My Writing Soundtrack – Part 1

A lot of people showed interest when I asked if I should share my writing soundtrack, so here comes part 1. It’s a rather massive collection of playlists giving my the inspiration while I type away, so this will be a series of posts.

This part features the medieval ballads with lyrics, each one has a rather interesting background story. Of course not all of the songs have such extensive stories, a lot of them are instrumental, including video game and movie soundtracks. But the background stories of the medieval ballads are full of great stories which could inspire fantasy writers out there so I’m including them in this post.

Here goes the list:

Rolandskvadet – Norwegian version of Roland’s Song

This is the Norwegian retelling of the famous French epic from the 12th century AD. It’s a rather sad story of a heroic martyr. The events in the legend take place in the 8th century but the poem was written much later, in the medieval times.

Story of the Song of Roland: Charlemagne’s army has been fighting the Muslims in Spain for the last seven years, and the last city standing is Saragossa, held by the Muslim King Marsile. Marsile fears the might of Charlemagne’s army and decides to surrender, sending messengers to Charlemagne promising treasures and converting the Christianity if the Franks leave.

Charlemagne receives the message and summons his nobles for a council, Roland and his stepfather Ganelon are among them. The emperor decides to accept the offer of peace and send an emissary to Marsile’s court to relay this message. Protagonist Roland nominates his stepfather Ganelon as messenger. Ganelon turns out to be a coward and traitor, however, thinking Roland nominated him to put his life in danger. He informs the Saracens of a way to ambush the rear guard of Charlemagne’s army, led by Roland, as the Franks re-enter Spain through the mountain passes.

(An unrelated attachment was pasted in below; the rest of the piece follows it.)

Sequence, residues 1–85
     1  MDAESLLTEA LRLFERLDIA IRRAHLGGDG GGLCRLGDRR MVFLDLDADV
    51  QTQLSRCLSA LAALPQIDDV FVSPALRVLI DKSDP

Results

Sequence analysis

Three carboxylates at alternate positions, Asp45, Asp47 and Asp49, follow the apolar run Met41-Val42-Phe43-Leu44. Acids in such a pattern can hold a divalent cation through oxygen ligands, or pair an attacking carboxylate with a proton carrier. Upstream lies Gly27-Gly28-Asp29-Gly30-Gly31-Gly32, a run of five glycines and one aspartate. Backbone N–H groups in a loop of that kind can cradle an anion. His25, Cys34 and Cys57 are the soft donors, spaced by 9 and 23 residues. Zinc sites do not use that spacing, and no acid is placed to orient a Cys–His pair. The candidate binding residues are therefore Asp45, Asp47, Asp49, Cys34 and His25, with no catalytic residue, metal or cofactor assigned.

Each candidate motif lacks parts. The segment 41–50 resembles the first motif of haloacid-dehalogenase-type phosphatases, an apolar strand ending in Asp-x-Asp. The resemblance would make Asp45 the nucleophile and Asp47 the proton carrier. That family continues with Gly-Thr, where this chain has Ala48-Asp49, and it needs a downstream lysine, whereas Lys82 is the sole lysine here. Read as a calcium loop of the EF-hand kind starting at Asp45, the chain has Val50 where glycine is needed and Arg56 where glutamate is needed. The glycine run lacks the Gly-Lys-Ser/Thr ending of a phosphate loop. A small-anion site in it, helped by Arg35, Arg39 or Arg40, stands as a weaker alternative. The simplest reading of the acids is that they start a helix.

The Saracens ambush the rear guard at Roncesvalles, and the Christians are overwhelmed. Roland’s comrades ask him to blow his olifant to call for help from the Frankish army; but Roland proudly refuses to do so.

The Franks fight valiantly but they are ultimately outnumbered, until almost all Roland’s men are dead. Roland finally blows his olifant to summon Charlemagne’s army, until his temples burst and blood pours from his mouth. He dies a martyr’s death, refusing to let the Saracens have his sacred sword Durendal, which has many relics of different saints embedded in it.

Charlemagne and his men reach the battlefield but find Roland’s men all dead. They pursue the Muslims into the river Ebro, where the lot of them drawn. Charlemagne and his barons weep over their fallen martyrs.

When Charlemagne returns to France, Roland’s fiancee asks where her bethrothed is. Charlemagne tells her with great grief that Roland has fallen in the battle, and he will give her his own son. She says she doesn’t want to live without Roland, and drops dead at the feet of the emperor.